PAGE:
I am a fan of Morgan Housel, columnist at the Motley Fool. His writings evince a strong understanding of behavioral issues, and he has a gift of sifting through the nonsense to get to what really matters. Only on rare occasions do I get to disagree with him. Today is one of those times. Housel has…Read More
Last week, we discussed the problems with having poor reading comprehension and the impact that has on consuming news. This week, I want to look at the lack of math skills. America seems to becoming a dangerously innumerate society. Innumeracy is incompetence with numbers rather than words. This is a worrisome issue for the future…Read More
click for ginormous chart Source: FRED This morning’s column on Inflation truthers led to some emailers insisting inflation numbers are much higher post crisis than pre. Sorry, but the data says that is simply not true. Play with the attached FRED XL spread sheets all you want, the data is hard to argue…Read More
“All models are wrong; some are useful.” – George E. P. Box The quote above comes from George Box. He was a brilliant statistician and professor, who thought long and hard about the use and misuse of statistics. I was reminded of Box this weekend while watching the thrilling World Cup final between…Read More
Chances are that when you think about math—which, for most of us, happens pretty infrequently—you don’t think of it in anything like the way that Jordan Ellenberg does. Ellenberg is a rare scholar who is both a math professor (at the University of Wisconsin-Madison) and a novelist. And in his fascinating new book, How Not to Be Wrong: The Power of Mathematical Thinking, he deploys analyses of poetry, politics, and even religion in a bold recasting of what math is in the first place.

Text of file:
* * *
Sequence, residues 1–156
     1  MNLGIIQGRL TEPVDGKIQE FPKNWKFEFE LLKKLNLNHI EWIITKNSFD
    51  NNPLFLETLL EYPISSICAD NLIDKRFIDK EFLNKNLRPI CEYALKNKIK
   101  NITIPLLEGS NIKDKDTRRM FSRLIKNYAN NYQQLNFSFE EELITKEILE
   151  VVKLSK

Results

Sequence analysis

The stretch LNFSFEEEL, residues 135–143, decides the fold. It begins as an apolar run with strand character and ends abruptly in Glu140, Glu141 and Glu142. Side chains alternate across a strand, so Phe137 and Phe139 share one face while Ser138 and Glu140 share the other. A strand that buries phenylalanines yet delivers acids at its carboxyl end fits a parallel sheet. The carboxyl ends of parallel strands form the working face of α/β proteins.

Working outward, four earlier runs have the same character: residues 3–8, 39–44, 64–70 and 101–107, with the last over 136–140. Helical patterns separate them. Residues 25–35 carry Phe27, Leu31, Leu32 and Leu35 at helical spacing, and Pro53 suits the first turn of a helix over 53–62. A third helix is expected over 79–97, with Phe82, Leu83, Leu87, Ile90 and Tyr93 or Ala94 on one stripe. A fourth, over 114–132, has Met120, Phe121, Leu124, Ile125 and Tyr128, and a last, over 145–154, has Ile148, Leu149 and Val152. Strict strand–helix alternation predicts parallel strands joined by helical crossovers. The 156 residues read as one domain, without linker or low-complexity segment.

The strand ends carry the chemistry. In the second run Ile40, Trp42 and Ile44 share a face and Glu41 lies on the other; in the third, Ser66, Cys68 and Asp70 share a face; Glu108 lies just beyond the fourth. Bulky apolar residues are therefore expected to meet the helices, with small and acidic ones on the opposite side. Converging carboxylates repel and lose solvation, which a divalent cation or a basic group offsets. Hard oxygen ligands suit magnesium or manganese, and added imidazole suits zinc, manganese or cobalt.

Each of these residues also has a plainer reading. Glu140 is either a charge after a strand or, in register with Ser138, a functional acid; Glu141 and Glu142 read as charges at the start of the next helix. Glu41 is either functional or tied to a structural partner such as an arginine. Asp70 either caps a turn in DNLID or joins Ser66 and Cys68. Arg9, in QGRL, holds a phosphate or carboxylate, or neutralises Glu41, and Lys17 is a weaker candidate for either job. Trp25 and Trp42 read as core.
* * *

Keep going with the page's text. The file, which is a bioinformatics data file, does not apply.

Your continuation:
For Ellenberg, the stuff you hated about math in high school isn’t the core of the thing. He’s emphatic that mathematics isn’t simply about the calculations involving, you know, numbers; rather, it’s a highly nuanced approach to solving problems that we all, unavoidably, encounter. Ellenberg’s chapters range from showing how mathematical thinking undermines many popular proofs for the existence of God (Paley’s design argument, Pascal’s wager), to explaining how math helps us understand why smoking causes lung cancer (contrary to claims by one early statistician who actually argued that the causation might be reversed—that lung cancer might cause smoking!).
On the show this week we talked to Ellenberg about his book, and math: why you’re probably thinking about it all wrong, and why it’s so powerful.
This episode also features a short interview with Tasneem Raja, author of the must-read new article “We Can Code It: Why computer literacy is key to winning the 21st century” in Mother Jones, and a discussion of new findings about autism and possibly how to stop it—by making brain cells better able to communicate with one another.